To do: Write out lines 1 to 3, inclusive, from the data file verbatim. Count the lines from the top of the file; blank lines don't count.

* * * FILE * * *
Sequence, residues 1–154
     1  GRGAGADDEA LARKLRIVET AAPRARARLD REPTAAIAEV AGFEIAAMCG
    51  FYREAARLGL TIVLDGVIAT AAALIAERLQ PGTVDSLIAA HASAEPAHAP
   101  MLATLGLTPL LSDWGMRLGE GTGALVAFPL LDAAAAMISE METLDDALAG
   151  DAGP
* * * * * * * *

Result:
Sequence, residues 1–154
     1  GRGAGADDEA LARKLRIVET AAPRARARLD REPTAAIAEV AGFEIAAMCG
    51  FYREAARLGL TIVLDGVIAT AAALIAERLQ PGTVDSLIAA HASAEPAHAP